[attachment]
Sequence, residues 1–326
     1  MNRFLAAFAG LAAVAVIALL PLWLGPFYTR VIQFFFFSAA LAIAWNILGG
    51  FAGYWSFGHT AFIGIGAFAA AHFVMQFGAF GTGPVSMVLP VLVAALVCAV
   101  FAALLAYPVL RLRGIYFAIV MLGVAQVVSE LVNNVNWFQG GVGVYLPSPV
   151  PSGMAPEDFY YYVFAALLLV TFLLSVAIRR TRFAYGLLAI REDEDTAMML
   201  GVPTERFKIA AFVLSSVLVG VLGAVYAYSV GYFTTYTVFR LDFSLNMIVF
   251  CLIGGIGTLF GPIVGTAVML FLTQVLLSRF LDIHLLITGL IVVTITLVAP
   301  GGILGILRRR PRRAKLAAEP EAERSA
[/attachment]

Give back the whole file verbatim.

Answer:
Sequence, residues 1–326
     1  MNRFLAAFAG LAAVAVIALL PLWLGPFYTR VIQFFFFSAA LAIAWNILGG
    51  FAGYWSFGHT AFIGIGAFAA AHFVMQFGAF GTGPVSMVLP VLVAALVCAV
   101  FAALLAYPVL RLRGIYFAIV MLGVAQVVSE LVNNVNWFQG GVGVYLPSPV
   151  PSGMAPEDFY YYVFAALLLV TFLLSVAIRR TRFAYGLLAI REDEDTAMML
   201  GVPTERFKIA AFVLSSVLVG VLGAVYAYSV GYFTTYTVFR LDFSLNMIVF
   251  CLIGGIGTLF GPIVGTAVML FLTQVLLSRF LDIHLLITGL IVVTITLVAP
   301  GGILGILRRR PRRAKLAAEP EAERSA